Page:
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Amiga recommendations?

category: general [glöplog]
Quote:
Might be neat to dualboot Win9x or DOS, if that's possible on those.

A bridgeboard is basically a separate PC on a card. If I remember correctly it runs DOS or Windows at the same time as the Amiga OS runs on the 68k, so there's no need to dual boot. If that's what you meant by putting an x86 in an Amiga, sure you can do that.
added on the 2019-05-25 00:22:05 by absence absence
Quote:
Quote:
Might be neat to dualboot Win9x or DOS, if that's possible on those.

A bridgeboard is basically a separate PC on a card. If I remember correctly it runs DOS or Windows at the same time as the Amiga OS runs on the 68k, so there's no need to dual boot. If that's what you meant by putting an x86 in an Amiga, sure you can do that.


if I can switch between them, that'd lead to shenanigans, most likely.
added on the 2019-05-25 00:24:13 by Parzival Parzival
added on the 2019-05-25 00:34:19 by absence absence


EXACTLY THIS.
added on the 2019-05-25 15:31:55 by Parzival Parzival
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Do not try to fix your disks using DiskDoctor.

LAZARUS!!! Worked once for me and created a proper Lazarus disk...
added on the 2019-05-25 16:17:57 by Ok3anos Ok3anos
Maybe worth watching if you are seriously interested in x86 on Amiga: Deadline Demoparty 2018 - Charlie Seminar: How to turn your Amiga into MS-DOS PC
Quote:
Maybe worth watching if you are seriously interested in x86 on Amiga: Deadline Demoparty 2018 - Charlie Seminar: How to turn your Amiga into MS-DOS PC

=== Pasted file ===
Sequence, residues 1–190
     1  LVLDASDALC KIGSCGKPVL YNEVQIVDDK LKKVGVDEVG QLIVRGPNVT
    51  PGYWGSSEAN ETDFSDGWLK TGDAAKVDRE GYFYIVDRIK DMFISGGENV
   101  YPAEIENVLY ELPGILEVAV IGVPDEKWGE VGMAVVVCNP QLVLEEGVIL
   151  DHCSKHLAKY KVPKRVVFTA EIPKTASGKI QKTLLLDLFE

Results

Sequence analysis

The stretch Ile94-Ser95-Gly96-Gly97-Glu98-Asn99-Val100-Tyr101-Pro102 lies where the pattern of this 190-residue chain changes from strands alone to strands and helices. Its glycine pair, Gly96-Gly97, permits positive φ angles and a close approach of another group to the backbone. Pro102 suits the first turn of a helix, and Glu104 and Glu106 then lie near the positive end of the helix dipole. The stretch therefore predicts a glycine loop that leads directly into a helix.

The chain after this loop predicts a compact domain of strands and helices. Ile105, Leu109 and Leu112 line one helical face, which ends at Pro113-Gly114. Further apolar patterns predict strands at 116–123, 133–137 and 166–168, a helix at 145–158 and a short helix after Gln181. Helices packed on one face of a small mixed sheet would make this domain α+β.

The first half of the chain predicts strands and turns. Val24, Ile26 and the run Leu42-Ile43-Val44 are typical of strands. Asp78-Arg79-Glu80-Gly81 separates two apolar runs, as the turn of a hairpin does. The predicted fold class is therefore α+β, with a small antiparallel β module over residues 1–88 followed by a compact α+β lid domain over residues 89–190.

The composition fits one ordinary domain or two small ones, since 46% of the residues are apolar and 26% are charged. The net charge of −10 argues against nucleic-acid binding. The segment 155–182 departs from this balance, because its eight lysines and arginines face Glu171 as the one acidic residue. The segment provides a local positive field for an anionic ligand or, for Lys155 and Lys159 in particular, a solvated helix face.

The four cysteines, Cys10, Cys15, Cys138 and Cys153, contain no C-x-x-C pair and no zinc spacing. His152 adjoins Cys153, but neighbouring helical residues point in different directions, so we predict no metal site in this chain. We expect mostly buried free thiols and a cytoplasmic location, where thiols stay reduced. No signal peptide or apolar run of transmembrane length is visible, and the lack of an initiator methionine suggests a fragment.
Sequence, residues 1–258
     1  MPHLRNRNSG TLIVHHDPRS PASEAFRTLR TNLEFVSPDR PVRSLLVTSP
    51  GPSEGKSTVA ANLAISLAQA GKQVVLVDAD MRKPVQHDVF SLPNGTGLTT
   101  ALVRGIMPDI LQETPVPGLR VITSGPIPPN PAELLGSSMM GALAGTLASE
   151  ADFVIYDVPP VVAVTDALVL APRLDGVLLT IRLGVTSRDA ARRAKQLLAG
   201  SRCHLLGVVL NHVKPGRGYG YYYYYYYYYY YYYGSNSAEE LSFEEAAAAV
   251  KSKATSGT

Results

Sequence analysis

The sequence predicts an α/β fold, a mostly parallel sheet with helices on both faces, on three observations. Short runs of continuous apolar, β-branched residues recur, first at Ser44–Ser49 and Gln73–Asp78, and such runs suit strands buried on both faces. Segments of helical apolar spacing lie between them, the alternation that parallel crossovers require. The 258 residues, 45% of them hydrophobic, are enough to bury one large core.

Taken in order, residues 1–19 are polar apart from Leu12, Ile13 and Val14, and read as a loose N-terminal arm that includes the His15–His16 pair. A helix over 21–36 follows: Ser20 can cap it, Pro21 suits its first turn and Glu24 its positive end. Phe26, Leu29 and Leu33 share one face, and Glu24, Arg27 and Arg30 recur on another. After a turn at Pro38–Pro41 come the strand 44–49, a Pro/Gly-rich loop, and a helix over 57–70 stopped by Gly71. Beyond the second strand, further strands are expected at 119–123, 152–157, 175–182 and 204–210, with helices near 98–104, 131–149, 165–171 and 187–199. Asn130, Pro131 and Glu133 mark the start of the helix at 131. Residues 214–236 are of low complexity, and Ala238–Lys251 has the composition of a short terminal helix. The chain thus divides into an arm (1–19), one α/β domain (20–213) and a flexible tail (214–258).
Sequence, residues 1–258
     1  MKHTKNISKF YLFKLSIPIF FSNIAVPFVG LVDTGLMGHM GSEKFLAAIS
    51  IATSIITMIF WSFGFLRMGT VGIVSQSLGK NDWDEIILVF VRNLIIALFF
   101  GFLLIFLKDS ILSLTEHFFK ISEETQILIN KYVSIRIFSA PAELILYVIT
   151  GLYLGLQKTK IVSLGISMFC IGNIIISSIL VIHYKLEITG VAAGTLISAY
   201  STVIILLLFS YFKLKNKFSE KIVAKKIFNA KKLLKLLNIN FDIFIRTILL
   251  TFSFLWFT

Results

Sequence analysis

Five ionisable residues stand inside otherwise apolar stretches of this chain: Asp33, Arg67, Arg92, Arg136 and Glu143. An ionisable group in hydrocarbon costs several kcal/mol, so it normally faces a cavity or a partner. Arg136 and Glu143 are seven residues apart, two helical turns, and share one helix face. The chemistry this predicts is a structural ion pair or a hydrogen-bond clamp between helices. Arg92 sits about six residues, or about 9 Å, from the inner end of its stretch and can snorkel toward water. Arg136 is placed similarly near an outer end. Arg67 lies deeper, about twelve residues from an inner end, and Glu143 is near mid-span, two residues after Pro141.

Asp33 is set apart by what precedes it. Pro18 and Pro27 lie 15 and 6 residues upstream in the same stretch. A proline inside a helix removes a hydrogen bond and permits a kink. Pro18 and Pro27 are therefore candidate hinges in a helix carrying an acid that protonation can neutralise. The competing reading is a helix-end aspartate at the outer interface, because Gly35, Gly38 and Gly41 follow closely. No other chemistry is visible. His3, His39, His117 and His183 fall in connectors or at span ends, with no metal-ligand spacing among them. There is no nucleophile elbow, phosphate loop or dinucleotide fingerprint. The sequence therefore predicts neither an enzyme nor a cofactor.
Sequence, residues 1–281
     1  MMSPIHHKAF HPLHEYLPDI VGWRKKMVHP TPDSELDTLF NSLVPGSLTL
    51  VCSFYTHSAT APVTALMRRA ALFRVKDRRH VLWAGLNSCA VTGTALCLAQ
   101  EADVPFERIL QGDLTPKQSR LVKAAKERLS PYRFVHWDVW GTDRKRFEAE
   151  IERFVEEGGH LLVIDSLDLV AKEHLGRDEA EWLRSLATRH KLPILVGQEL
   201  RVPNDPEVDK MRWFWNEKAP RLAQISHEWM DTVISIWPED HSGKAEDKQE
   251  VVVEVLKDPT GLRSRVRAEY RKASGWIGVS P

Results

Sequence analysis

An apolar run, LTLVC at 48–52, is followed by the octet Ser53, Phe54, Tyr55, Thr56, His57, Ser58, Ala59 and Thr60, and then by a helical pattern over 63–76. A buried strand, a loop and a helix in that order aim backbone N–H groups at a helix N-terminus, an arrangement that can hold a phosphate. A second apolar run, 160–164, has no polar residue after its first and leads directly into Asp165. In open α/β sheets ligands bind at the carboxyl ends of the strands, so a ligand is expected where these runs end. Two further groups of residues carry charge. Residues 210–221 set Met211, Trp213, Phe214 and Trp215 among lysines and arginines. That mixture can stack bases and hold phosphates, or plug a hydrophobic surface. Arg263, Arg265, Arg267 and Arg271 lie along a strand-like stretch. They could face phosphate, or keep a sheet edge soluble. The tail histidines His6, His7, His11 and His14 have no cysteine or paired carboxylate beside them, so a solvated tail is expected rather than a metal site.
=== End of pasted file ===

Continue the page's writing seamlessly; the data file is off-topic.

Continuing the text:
Not necessarily just that, but doing so would give me access to all kinds of stupid shit I could do, so it's got me kinda excited.
added on the 2019-05-25 19:30:59 by Parzival Parzival
It would be less of a hassle to get a genuine oldskool DOS PC, really. Probably easier to find than x86 boards for Amiga, too.
Quote:
It would be less of a hassle to get a genuine oldskool DOS PC, really. Probably easier to find than x86 boards for Amiga, too.
I'm a huge fan of trying the weirdest shit. The entire point of getting one of these bridgeboards is to see what weird shit I could do between the 486 and Amiga.

So, so far my shopping list is this:
* Amiga 2000
* Extra RAM, if not already included
* 486 bridgeboard
* Probably some other misc. stuff
* Probably the stuff for a recap
added on the 2019-05-25 21:35:54 by Parzival Parzival
My point is that if you are just about to get into retro Amiga / DOS hardware, it may be sensible to start out simple with easy-to-obtain parts. I didn't look it up but a full 486 computer + A500 might be much cheaper and easier to find than one of those bridge boards plus everything else required for it. If you really want to, you can still try to find one later but quite honestly I wouldn't make it a #1 priority, in particular if you have no experience with the subject.
Quote:
My point is that if you are just about to get into retro Amiga / DOS hardware, it may be sensible to start out simple with easy-to-obtain parts. I didn't look it up but a full 486 computer + A500 might be much cheaper and easier to find than one of those bridge boards plus everything else required for it. If you really want to, you can still try to find one later but quite honestly I wouldn't make it a #1 priority, in particular if you have no experience with the subject.
That's... a fair point, actually. Stock A500 or A2000 plus more RAM, then.
added on the 2019-05-26 00:08:00 by Parzival Parzival
Strip Poker 3
added on the 2019-05-26 00:35:43 by _10b0 _10b0
Okay, I've been day-dreaming about this for a while, but never really researched what it would take to make it a reality: what's the ultimate Video Toaster setup? A tower case Amiga + the Toaster card, but which Amiga? Any useful expansions to this setup?